Speaking to the Observer, the political activist, who will soon celebrate 50 years of campaigning for gay equality, called the incident another example of 'a witch-hunting, accusatory atmosphere' at university campuses today.

Mr Tatchell's stance on free speech was questioned earlier this month when he surprisingly came out in support of a Christian bakery company that refused to sell a cake with a gay rights slogan.

Ashers Bakery in Belfast were found to have broken anti-discrimination laws when they declined an order for a cake with the slogan ‘support gay marriage’.

Mr Tatchell said: ‘Much as I wish to defend the gay community, I also want to defend freedom of conscience, expression and religion.’

As a result of the court ruling against the bakery, far right agitators could force Muslim printers to publish cartoons of the Prophet Mohammed, or Jewish printers to reproduce Holocaust denial material, he added.

‘Will gay bakers have to accept orders for cakes with homophobic slurs?’ he asked.

‘The law against political discrimination was meant to protect people with differing political views, not to force others to further political views to which they conscientiously object.’

Australian-born Tatchell, 64, first sprang to fame as a left-wing Labour candidate, when he lost the party’s once safe Bermondsey seat in 1983.

During the 1990s, he campaigned for LGBT rights through the direct action group he co-founded, OutRage!

The group grabbed the headlines by outing establishment figures it claimed were homophobic in public and homosexual in private.

In 1999 and 2001, he attempted a citizen's arrest of Zimbabwean President Robert Mugabe for his anti-gay stance, the latter resulting in a vicious beating by Mugabe's thugs.

Six years later in 2007, Mr Tatchell was among dozens of people assaulted by Russians shouting 'death to homosexuals' against protesters demanding the right to hold a gay pride parade in Moscow.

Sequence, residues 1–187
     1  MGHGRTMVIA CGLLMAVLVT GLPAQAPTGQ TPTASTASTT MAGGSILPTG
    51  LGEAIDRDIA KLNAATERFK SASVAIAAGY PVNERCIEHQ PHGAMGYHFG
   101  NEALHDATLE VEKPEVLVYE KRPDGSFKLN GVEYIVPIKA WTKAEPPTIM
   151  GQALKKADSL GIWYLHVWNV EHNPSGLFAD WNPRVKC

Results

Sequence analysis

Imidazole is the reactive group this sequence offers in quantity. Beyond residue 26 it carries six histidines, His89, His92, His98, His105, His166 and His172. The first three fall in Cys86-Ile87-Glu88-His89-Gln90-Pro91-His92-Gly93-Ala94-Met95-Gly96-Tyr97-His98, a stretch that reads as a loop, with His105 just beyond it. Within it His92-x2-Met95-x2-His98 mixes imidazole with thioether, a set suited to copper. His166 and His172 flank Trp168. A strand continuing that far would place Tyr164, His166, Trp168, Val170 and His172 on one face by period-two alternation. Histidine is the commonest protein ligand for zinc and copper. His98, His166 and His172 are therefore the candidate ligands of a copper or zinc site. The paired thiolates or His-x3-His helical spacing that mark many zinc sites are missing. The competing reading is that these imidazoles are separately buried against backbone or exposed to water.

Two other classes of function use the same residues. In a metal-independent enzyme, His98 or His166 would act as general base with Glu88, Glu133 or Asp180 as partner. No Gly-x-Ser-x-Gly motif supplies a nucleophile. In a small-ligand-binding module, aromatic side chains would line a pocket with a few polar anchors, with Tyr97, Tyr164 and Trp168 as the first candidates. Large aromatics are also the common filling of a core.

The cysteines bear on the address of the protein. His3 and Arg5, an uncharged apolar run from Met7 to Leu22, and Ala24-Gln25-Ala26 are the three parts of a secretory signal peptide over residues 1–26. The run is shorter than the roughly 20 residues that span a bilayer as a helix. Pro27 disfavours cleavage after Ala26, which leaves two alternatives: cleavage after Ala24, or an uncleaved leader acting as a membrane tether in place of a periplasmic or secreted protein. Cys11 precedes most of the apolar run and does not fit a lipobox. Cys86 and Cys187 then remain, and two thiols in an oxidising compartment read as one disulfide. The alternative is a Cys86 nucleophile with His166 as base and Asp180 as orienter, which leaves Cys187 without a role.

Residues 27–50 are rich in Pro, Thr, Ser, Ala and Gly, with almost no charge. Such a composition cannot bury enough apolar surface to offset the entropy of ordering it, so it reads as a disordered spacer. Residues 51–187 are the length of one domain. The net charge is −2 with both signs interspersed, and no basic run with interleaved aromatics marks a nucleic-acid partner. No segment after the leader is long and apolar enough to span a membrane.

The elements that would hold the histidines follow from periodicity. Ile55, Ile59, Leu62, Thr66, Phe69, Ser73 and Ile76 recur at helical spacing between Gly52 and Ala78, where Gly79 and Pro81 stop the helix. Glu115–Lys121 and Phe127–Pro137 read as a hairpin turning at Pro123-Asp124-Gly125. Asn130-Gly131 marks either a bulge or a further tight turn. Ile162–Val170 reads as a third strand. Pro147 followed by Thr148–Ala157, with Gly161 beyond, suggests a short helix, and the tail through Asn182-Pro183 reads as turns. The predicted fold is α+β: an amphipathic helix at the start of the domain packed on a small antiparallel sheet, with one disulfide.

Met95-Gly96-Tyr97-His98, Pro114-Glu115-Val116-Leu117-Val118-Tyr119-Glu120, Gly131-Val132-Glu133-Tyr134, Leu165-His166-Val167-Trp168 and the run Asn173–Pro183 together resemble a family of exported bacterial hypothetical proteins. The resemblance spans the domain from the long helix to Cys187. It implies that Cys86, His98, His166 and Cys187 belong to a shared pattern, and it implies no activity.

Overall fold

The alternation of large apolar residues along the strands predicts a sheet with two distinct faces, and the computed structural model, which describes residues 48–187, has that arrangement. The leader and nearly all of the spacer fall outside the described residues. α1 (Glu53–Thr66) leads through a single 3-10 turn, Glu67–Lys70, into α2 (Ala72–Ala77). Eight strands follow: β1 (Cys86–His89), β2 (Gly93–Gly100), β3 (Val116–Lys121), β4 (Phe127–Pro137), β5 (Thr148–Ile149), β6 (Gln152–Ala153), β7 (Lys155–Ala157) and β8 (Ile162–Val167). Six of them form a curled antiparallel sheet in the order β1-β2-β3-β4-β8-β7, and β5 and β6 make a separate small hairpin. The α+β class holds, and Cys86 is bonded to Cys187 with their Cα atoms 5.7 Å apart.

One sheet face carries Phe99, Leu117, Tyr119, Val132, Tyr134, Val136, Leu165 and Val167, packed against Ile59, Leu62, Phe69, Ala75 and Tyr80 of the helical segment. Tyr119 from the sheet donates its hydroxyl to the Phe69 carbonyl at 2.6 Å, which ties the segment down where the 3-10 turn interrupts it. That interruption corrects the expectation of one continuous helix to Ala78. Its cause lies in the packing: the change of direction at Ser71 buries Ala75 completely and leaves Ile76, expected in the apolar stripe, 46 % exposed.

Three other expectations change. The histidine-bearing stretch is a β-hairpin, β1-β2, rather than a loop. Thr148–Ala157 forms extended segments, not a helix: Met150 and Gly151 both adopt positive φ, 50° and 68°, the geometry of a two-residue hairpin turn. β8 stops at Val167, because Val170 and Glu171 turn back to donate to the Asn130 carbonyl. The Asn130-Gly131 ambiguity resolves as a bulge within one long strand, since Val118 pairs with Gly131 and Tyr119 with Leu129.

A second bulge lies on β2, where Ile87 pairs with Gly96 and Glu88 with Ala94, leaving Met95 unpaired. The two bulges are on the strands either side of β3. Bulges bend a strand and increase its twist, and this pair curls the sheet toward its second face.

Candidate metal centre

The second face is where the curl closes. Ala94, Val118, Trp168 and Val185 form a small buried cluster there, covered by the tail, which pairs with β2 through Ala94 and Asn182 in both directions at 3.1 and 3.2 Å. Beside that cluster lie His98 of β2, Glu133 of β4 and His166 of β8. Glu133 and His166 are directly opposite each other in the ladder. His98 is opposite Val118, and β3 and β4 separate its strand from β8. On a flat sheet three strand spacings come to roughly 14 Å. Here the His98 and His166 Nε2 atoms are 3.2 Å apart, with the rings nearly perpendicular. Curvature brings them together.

The veteran campaigner says both these incidents have left him with lasting brain injuries.

Unafraid to put across his point of view, Mr Tatchell said he would share the stage with Ms Cowling at tomorrow's event, despite their difference of opinion.

He said: 'I'm prepared to share a platform with people I profoundly disagree with, precisely in order to challenge and expose them.' 

The NUS said Tatchell had not been 'no-platformed' by the entire union and that Ms Cowling's decision whether to appear is her own.


Australian Labor Party adopts motion encouraging Israel trips

In what can be seen as a counter-move to an anti-Israel motion, a state convention of Australia's Labor party on Sunday approved a motion encouraging party members to spend time in both Israel and Palestinian areas when visiting the region, Haaretz reported.

The resolution, adopted by the New South Wales Labor convention, came a week and a half after it was reported that the party was mulling a proposal by pro-Palestinian lawmakers to ban its members from participating in sponsored trips to Israel.

The anti-Israel motion was proposed by Labor Friends of Palestine and would have precluded state MPs from New South Wales, party officials and Young Labor members from joining paid trips to Israel if passed.

New South Wales, where Sydney is located, is Australia's most populous state. On a national level, the party has been in opposition since its loss in elections in 2013, noted Haaretz. 

Reacting to the pro-Israel resolution, New South Wales Board of Deputies president Jeremy Spinak told the Australian Jewish News the resolution that passed was a "sensible outcome" that “rejects the anti-Israel bias and discrimination” that had been pushed by a few party members.

“When organizing our study missions to the region, we always encourage members to visit both the Palestinian territories and Israel in order to get a thorough understanding of the reality on the ground,” he said.

The Labor Party in Australia has a history of anti-Israel bias, and it agreed this past summer on a resolution that should the party come to power, it would consider recognizing Palestinian statehood.

The motion stipulated such course of action on a lack of progress in the currently stalled peace talks between Israel and the Palestinian Authority (PA).

In addition, Bob Carr, a former foreign minister in Australia who was a founder of the Labor Friends of Israel in 1977 and has recently become a patron of the Labor Friends of Palestine, has in the past blamed the "pro-Israel lobby in Melbourne" for wielding “extraordinary influence” on the Australian government.



Political correctness is most pervasive in universities and colleges but I rarely report the  incidents concerned here as I have a separate blog for educational matters.